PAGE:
But the emotion of it and the heart of it existed fairly in whole cloth extremely early on in the process. So, I think that the sacrifices that were made, it was very hard to shoot, there were fires and heat, and pestilence, it was just like everything rained down on the production and that was really hard, but there weren't a lot of... We didn't take big story hits, from my perspective. There's not a lot that I'm like, "Oh man." There's a little bit in terms of staging. Matt had boarded the sequence with the townspeople that was a little bit more of like a zombie attack kind of a thing. And so we turned that into about their words and about that it is an assault of language. I think it ended up working just as well because the performers are so great. And because the sentiment of it is so upsetting.
CB: When you were filming this in Atlanta, you guys were there at the same time as Falcon and Winter Soldier and The Suicide Squad. Did you guys go take peaks in anything and talk to any of the filmmakers? What was that like?
JS: We did! With Suicide Squad, there's this one big exterior set that they built. And so we walked down there a lot, because we were like, "Holy crap!" That was really cool. But Falcon and Winter Soldier, they shot so many places. They were constantly on the move. So we didn't see them that often. And they were a little staggered to us and truth be told, it was such an intense shooting period. There wasn't a lot of like, "Hey guys, let's go grab a drink!"prevnext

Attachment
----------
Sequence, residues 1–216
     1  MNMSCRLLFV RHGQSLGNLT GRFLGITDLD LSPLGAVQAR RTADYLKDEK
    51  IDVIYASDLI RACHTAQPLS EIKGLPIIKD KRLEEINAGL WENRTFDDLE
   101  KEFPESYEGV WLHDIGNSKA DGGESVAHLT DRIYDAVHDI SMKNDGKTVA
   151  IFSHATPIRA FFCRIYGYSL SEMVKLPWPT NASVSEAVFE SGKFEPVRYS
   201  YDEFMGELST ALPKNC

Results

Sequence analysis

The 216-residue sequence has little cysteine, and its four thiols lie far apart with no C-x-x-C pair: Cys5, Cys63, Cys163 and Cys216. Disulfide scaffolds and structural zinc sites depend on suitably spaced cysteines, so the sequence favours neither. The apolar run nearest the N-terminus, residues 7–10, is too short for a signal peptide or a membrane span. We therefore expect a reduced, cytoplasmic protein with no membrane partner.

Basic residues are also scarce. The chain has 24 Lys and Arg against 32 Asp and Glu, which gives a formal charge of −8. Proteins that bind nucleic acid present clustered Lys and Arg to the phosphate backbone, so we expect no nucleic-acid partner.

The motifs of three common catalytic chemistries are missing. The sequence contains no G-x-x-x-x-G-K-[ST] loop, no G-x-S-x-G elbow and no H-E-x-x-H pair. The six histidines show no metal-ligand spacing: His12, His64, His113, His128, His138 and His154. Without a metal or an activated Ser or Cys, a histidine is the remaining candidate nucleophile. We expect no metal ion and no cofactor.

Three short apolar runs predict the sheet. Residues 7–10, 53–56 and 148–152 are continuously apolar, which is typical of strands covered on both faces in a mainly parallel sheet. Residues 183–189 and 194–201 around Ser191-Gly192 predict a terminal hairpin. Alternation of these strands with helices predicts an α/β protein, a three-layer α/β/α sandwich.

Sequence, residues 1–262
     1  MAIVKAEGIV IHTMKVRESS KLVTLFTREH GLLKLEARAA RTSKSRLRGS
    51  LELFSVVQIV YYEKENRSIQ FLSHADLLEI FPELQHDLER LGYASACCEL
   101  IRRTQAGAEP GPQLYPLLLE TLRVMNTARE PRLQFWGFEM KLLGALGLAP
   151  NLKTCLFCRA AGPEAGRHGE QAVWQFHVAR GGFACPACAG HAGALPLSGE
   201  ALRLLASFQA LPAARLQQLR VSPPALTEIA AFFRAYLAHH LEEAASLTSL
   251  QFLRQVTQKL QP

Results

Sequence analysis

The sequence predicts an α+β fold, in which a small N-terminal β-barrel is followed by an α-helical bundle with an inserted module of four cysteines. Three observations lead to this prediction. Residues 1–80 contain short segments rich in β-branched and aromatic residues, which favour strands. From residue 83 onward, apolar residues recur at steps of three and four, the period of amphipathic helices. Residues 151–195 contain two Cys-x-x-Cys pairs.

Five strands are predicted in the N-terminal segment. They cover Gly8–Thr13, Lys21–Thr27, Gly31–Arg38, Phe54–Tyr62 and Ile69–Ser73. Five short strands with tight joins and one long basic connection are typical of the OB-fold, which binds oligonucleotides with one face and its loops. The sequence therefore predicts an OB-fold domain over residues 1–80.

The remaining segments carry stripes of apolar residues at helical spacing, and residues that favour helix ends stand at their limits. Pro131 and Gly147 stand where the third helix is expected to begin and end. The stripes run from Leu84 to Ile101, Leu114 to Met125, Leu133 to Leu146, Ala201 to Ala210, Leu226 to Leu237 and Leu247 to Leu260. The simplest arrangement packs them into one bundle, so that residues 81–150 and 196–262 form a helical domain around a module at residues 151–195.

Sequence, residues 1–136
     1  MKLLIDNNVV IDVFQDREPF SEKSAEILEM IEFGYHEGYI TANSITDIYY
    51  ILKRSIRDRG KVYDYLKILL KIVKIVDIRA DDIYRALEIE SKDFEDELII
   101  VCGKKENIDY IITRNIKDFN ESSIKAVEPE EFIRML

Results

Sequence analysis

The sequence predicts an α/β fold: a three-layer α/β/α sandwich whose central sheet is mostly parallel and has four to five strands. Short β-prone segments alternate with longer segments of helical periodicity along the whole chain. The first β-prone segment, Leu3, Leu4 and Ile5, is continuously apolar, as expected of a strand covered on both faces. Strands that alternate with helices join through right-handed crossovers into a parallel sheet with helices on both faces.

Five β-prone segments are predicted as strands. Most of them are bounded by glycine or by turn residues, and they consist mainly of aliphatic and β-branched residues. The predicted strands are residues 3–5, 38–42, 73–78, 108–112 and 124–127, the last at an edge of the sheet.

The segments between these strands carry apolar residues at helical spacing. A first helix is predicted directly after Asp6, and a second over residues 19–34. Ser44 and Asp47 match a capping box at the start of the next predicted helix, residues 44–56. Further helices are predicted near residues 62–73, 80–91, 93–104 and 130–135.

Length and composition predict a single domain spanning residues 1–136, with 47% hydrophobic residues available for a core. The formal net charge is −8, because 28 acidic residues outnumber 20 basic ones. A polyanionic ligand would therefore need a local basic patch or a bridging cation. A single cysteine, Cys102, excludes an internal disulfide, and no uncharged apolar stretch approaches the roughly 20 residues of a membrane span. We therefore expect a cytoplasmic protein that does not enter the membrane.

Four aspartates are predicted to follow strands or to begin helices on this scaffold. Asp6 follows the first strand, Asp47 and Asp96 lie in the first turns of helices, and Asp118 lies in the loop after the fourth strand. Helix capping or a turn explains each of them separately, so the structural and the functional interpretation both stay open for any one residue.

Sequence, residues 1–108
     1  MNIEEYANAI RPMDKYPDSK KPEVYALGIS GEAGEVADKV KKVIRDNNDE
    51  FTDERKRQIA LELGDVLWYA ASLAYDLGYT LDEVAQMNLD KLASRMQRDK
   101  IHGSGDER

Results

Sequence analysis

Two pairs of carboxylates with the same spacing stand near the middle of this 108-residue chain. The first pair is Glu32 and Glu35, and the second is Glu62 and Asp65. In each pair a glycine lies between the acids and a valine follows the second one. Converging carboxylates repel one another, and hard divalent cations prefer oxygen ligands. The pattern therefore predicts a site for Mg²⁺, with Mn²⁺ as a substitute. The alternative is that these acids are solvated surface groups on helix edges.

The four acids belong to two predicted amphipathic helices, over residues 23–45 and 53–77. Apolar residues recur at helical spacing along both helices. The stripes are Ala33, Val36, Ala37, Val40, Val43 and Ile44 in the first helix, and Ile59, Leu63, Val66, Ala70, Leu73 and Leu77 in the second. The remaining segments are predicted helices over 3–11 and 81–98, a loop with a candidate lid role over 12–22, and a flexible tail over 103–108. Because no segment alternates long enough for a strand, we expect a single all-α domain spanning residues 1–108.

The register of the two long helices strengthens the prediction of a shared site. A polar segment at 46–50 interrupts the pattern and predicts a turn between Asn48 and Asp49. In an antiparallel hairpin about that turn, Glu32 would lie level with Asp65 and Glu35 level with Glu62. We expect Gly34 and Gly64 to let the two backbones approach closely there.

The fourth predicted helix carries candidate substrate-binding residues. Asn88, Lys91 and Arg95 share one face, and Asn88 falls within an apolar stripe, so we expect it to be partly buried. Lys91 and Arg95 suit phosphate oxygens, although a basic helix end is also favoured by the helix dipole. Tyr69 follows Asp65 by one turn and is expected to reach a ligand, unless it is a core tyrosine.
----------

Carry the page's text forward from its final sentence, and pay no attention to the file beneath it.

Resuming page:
CB: We get the big action packed showdown at the end of the episode with two fights but it's the emotion and the character growth that really is what sends the show home. Specifically, I would love to hear you talk about Wanda, mentally and physically, who you wanted her to become as she transitioned into the Scarlet Witch, after this journey we just took in the show.
JS: Yeah. I mean, so the end of this show was always about acceptance. And it was from the very beginning, it was about the stages of grief. So was acceptance of her loss, her trauma. And so we knew we would land where they're saying goodbye. We also knew that we wanted a full exploration of Wanda Maximoff as the Scarlet Witch. And what ended up happening, and I do think it has a lot to do with the break that we had because of COVID that allowed us to sort of drill down a little bit more on the schematics, is we ended up being able to tell both of those stories in concert. So the external is that she accepts herself as the Scarlet Witch. And she fully steps into that power after denying it and after rejecting it and after being in doubt of it.